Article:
What is it?
Hepatitis A is a viral disease that can cause inflammation of the liver, flu-like symptoms and jaundice
What are the symptoms?
Most people experience flu-like symptoms, including headache and fever
Other symptoms include stomach cramps, jaundice (yellowing of the skin and whites of the eyes), diarrhea, darkened urine and pale-coloured stools, loss of appetite, discomfort/pain in the right upper part of the abdomen
People usually start to feel sick 2-7 weeks after they’ve been infected
Symptoms can last from a week to several months
Where can I contract it?
You can get hepatitis A anywhere, but it’s most common in developing countries, particularly rural areas, where sanitation and hygiene practices may be poor
How can I contract hepatitis A?
The virus is spread when an infected person doesn’t wash their hands properly after using the washroom, and then prepares food or makes hand contact with others who then eat the food or touch their mouths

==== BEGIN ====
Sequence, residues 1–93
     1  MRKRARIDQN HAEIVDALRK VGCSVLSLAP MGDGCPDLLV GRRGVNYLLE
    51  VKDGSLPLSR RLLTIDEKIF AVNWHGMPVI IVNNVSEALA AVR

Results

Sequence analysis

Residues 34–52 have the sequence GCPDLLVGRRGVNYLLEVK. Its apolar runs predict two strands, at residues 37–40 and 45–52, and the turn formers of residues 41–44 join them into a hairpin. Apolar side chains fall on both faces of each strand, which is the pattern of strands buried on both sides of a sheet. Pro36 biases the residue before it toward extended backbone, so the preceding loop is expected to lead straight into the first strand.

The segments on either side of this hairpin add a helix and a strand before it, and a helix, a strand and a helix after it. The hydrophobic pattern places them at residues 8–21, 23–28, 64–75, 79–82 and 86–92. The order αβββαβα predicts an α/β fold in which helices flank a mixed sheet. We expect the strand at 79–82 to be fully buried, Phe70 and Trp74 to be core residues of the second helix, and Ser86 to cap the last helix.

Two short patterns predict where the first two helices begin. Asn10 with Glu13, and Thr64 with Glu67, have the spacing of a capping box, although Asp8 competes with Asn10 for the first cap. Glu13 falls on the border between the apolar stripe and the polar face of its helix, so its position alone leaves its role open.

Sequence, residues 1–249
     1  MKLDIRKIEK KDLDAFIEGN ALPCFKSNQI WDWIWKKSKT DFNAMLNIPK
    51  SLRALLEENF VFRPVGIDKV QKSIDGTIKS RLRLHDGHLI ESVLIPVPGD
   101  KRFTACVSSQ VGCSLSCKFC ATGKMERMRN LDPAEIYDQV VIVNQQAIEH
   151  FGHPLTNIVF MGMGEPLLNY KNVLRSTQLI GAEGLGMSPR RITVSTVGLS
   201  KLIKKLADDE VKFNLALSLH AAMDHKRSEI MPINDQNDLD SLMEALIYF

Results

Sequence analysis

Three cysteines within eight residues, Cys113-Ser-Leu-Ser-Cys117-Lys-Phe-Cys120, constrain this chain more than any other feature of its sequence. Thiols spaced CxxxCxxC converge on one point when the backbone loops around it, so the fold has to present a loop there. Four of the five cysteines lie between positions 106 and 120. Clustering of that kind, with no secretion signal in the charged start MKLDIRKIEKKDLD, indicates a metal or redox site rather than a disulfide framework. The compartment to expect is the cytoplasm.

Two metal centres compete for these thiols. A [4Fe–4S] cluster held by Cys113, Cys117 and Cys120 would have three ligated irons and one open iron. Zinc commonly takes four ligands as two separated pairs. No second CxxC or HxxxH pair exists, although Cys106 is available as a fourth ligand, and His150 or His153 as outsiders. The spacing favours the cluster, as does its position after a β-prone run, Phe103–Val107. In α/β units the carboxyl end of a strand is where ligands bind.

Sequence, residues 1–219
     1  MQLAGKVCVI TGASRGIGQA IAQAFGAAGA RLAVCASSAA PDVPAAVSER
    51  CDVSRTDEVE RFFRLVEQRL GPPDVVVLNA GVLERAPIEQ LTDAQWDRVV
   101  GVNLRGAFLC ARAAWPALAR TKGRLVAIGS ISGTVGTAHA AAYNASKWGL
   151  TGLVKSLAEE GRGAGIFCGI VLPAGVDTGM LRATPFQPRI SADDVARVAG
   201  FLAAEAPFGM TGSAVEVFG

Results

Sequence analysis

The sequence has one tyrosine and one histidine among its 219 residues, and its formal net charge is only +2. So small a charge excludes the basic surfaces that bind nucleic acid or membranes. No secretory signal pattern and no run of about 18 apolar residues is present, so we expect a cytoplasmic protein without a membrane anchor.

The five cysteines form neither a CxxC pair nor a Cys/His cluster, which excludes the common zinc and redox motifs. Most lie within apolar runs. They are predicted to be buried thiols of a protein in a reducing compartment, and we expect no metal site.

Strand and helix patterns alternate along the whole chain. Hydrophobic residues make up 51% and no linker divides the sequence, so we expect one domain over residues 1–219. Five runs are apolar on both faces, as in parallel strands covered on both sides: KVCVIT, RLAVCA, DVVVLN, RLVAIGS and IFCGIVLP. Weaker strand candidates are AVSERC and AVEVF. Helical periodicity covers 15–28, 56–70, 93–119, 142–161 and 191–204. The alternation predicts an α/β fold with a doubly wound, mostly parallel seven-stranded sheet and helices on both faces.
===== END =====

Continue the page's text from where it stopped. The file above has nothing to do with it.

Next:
You may also be infected if you eat uncooked foods such as shellfish
What vaccines are available?
The hepatitis A vaccine
It is 2 shots given 6-12 months apart
One shot of hepatitis A vaccine is effective for immunity
The second shot creates longevity of immunity
Twinrix® for hepatitis A and B is given in a series of 3 doses over 6 months
Vivaxim® for hepatitis A and typhoid – is currently not available in Canada
Will I need a booster?
Possibly, but the hepatitis A vaccine is good for at least 20 years
How can I prevent hepatitis A?
Always wash your hands well with soap and water after going to the washroom, before preparing food and before eating
What is the treatment?
There is no effective treatment for hep A
Most people recover within 4-6 weeks, hospitalization is rare
Up to 20% of infected adults may have a relapse of symptoms, resulting in prolonged illness